The Spanish conquest and settlement of the Southwest initiated a complex cultural interchange between the Spanish settlers and Native Americans. Since then, the lives of the Native Americans, the Spaniards, and the Angelos or Americans have been intertwined.
The stark beauty of the Southwest mountains and deserts has attracted many artists. Painters, sculptors, and potters come to study and to work. Often they use Spanish and Indian motifs in new ways, turning age-old patterns into work that is modern and fresh
Nature is a starting point for most contemporary Southwest landscape artists. With little commonality in style or subject matter, they pursue varied approaches in their work and choice of media. Some work with overtly Western motifs: cowboys, mountain men, settlers, pioneer women, and proud, loincloth-clad Native Americans. Others reflect the indigenous art that had flourished for centuries. Then there are the Southwestern artists who do not fit easily into any category.
E. Ashley Rooney's intent in undertaking Contemporary Art of the Southwest (Schiffer 2014) was to take a fresh look at the magical and insightful ways in which the area's artists have interpreted life in this region with its retirees and laid-back nature lovers. How does their art portray living in this quiet, ageless landscape with its aggressive solitude? How do they look at this arid region with its heightened clarity of light? The richly illustrated book has a foreword written by Julie Sasse, Chief Curator and Curator of Modern and Contemporary Art at the Tucson Museum of Art.
April: New Mexico Arts, Santa Fe Community College: Prospectus #205 "The Books". View project details here.
“THE BOOKS” at Santa Fe Community College
“THE BOOKS” project consists of 17 sculptures (ranging in length from 4 feet to 9 feet) are placed on approx. ½ acre of land surrounding the walkway located between the Library and the Health and Sciences wing. All of the sculptures are made of steel re- enforced concrete formulations that I’ve developed over the years. This, combined with different techniques of mold making and casting, forms and templates etc., is what it took to create these 17 pieces.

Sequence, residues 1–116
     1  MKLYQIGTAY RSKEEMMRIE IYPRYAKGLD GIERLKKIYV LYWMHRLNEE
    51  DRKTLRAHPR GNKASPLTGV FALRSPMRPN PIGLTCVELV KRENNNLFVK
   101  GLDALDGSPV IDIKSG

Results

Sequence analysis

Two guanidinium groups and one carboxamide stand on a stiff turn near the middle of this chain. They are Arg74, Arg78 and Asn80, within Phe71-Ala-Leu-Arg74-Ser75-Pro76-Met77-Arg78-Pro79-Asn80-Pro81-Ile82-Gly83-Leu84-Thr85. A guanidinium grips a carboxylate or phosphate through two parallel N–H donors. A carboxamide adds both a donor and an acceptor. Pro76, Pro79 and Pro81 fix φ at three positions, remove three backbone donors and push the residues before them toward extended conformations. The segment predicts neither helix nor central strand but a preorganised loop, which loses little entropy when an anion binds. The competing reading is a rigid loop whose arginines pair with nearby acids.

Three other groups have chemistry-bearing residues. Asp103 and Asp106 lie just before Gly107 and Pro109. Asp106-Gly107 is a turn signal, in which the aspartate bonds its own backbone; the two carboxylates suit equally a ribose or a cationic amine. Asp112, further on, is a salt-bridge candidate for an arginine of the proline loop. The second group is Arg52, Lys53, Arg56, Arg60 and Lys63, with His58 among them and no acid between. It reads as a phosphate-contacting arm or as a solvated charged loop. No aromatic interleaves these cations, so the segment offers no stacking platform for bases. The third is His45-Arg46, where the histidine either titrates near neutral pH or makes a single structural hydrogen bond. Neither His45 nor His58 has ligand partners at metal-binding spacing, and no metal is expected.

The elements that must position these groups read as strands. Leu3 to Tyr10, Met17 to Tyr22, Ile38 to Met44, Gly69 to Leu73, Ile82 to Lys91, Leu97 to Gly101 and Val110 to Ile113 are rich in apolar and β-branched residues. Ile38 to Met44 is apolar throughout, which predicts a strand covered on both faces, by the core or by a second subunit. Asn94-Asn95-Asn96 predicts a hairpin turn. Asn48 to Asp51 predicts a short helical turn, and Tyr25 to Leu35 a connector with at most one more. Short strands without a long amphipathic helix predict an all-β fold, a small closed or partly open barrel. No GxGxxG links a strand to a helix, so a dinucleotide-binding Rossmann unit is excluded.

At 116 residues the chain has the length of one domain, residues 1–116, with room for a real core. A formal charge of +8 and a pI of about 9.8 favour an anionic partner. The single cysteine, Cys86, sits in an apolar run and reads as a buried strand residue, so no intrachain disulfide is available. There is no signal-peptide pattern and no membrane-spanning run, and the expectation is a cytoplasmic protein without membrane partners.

This landscape resembles a ruins or archeological site of giant books protruding from the earth. You never see an entire book with your eyes, just corners and edges of books. It is in your mind’s eye that you see the assumption of the whole book. It is at this point that the viewer is using their auto-imagination to complete the picture of what is underground.
The general theme of this project is imagination. As Einstein once said “Imagination is more important than knowledge.” I believe The Books will tell many different stories to all who pass by. Stories told to them by their own imagination.
After working on and thinking about this project for 2 years, it has revealed to me many, many stories that I never would have anticipated in the early stages. Being the creator of this inter-active sculptural landscape, I feel that telling my own stories would hamper the effect on others. It is a tool meant to encourage personal interpitations of the imagination.
The white concrete finish has the sun bleached appearance of old bones you might discover in the desert. There is omnipresence about these pieces that I wanted to obtain. Man and knowledge are eternal as “THE BOOKS” are concrete.
- David Rudolph 4/30/2012
New Work: "SKY CANDY" 56" X 36" X 2.5"
November: David Rudolph studio and private gallery is part of Santa Fe Studio Tour
October: The painting "CANYON ROAD GOES DIGITAL" (28" x 17") wins first place in the annual "CANYON ROAD PAINT OUT" in Santa Fe, NM. Hosted by Santa Fean magazine.
July: Solo preview show of "VISUAL REPORTS FROM THE DIGITAL UNIVERSE" paintings and sculptures, at Samuel Design Group in Santa Fe, NM. Rail Yard Art LoftsJuly-Aug: 3 paintings in group show at Salon Mar Graff Santa Fe, NM.